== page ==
After a long silence, there was renewed news of Libra, but not good news. Beijing time on the 4th, a number ofmedia reported that Facebook may reduce the size of Libra’s distribution. Compared with the ambitions of the original white paper, Libra is clearly suffering from a frost, and over the past six months, pressure on scrutiny has forced Libra to rethink its original “global single currency” plan.
While Libra has yet to release the latest developments, it is certain that Facebook will be less difficult on Libra’s issue.
Escape the high-pressure supervision, may as well try “curve salvation.” Facebook will scale back its plans for Libra’s global digital currency and will not use Libra in its services for the time being under intense scrutiny by regulators, Reuters reported, citing technology media, The Information. The report said Facebook would only provide digital versions of government-backed currencies, including the dollar and the euro. This means that Facebook may no longer have Libra stable currency at the heart of its digital payment strategy, but will include more legal-currency-backed digital currencies in its support.
There may not be much doubt about this claim, after all, since Facebook announced its plan to stabilize the currency, Libra has not only failed to get a regulatory pass, but has remained under regulatory pressure, which led to the subsequent break-up of Libra’s “union”. In addition, The Information reported that Facebook’s Calibra digital wallet will also be delayed until October, and that Calibra will support multiple currencies under current plans, and Libra is just one of them.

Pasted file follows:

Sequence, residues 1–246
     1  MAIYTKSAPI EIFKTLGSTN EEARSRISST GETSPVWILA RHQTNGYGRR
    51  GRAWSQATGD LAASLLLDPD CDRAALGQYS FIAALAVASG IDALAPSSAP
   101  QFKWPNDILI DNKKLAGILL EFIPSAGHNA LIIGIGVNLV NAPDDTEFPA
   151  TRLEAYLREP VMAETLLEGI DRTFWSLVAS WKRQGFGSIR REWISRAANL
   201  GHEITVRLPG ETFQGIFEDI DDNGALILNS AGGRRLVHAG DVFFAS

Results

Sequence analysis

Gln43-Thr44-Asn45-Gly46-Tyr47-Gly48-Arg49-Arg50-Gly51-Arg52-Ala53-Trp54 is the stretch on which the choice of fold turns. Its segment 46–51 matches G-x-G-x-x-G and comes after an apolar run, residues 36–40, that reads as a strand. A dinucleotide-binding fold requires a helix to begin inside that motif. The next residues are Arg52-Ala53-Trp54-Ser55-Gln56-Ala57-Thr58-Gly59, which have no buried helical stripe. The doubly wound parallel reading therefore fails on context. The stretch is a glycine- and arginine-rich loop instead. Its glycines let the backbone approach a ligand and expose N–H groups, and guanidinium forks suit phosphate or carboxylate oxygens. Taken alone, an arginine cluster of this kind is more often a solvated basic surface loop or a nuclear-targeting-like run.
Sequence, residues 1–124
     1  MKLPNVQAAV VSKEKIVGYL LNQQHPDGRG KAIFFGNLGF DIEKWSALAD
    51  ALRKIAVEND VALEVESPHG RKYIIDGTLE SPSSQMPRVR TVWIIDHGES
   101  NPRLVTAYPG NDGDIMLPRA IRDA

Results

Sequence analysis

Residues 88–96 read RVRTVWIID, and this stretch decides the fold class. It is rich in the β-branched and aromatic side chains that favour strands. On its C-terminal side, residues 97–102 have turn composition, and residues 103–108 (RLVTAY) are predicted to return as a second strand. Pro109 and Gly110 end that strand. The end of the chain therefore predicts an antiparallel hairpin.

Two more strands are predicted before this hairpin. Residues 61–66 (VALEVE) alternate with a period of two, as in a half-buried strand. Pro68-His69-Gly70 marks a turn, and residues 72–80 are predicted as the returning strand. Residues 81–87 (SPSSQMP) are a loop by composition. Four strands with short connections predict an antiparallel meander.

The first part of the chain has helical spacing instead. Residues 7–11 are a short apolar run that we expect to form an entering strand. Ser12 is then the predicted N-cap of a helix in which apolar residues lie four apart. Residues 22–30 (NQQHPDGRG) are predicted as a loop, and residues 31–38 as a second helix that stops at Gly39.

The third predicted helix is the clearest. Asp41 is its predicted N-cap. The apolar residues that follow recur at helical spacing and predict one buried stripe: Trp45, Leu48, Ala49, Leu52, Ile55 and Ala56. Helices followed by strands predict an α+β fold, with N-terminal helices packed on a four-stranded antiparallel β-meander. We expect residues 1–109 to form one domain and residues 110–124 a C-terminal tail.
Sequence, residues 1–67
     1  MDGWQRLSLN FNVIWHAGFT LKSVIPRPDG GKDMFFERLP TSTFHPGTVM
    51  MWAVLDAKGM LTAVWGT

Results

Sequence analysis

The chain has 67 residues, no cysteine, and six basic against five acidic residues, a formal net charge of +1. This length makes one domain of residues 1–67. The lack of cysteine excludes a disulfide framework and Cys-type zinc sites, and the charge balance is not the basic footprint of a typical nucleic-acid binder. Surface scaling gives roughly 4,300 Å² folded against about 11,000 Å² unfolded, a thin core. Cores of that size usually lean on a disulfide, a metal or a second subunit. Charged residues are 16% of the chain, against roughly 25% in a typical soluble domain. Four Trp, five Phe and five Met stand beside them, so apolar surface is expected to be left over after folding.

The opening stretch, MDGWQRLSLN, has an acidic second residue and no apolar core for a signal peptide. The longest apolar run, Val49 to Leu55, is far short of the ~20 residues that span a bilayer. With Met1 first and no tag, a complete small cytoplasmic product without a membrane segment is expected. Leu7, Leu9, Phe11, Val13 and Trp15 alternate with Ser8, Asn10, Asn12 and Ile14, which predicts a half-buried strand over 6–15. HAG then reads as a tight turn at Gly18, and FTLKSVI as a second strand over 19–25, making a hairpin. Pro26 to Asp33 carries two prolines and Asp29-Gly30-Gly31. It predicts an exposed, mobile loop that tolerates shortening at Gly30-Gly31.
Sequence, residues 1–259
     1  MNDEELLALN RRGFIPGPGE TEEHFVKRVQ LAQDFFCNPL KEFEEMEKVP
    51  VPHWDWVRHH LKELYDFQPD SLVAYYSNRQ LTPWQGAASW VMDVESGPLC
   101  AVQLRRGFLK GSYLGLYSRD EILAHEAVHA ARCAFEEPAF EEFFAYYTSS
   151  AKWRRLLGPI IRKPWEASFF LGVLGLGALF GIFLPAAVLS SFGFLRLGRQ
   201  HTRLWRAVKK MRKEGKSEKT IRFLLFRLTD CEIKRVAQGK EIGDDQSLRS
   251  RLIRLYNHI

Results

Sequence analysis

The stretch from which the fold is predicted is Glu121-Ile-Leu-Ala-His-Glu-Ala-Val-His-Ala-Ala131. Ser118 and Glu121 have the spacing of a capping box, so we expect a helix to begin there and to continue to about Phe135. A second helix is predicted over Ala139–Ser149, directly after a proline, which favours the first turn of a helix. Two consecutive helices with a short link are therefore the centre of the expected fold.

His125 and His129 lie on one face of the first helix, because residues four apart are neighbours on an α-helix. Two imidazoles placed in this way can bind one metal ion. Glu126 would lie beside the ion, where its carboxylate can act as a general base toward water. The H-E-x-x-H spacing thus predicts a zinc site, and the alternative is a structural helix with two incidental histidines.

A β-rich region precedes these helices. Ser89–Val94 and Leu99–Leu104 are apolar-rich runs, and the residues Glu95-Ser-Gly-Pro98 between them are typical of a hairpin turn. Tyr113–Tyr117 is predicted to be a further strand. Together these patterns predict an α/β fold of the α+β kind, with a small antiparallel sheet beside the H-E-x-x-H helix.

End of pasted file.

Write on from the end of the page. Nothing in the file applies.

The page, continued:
Dante Disparte, Libra’s head of policy and communications, did not respond positively to the veracity of the rumors, the progress of the Libra project and the timing of its launch, but he told the Beijing Business Daily that Libra The Association has not changed its goal of establishing a global payment network that complies with regulations, and the basic design principles that support that goal have not changed.
Libra’s story begins last June. At the time, Facebook released a white paper on the cryptocurrency Libra project, which caused a thousand waves. According to Facebook, Libra would have been launched in June if all went well.
Libra had long anticipated the risks, so she created a 27-member nonprofit called The Libra Association. But as the storm spread, many members backed down, and since October, Libra’s founding members eBay, PayPal, Visa, MasterCard, Stripe and Mercado Pago have announced their retirements from the Libra Society.
From being accused to “over-the-house” hearings, Libra has been under the pressure of regulation, with issues such as privacy, money laundering, consumer protection and financial stability all posted to Libra. Earlier, Federal Reserve Chairman Colin Powell had said the Libra project could not progress until Facebook could clearly answer regulators’ questions and make them happy. But last month, Mr Powell said Libra had ignited the “fire of the stars” of the digital currency.
It’s still the time to go around. In July last year, Marcus, the head of the Libra program known as the “father of Libra,” testified before congress that Libra Association would work with the Federal Reserve and other central banks to ensure that Libra did not compete with sovereign currencies or interfere in monetary policy. Since then, Facebook CEO Mark Zuckerberg has stressed at the hearing, but the regulatory issue does not introduce Libra. But now the situation is that the resistance wave after wave, the hearing also on, attitude also showed, Libra is still not let go. As for how Libra will break through in the future, or what Facebook will do, it’s only a step by step.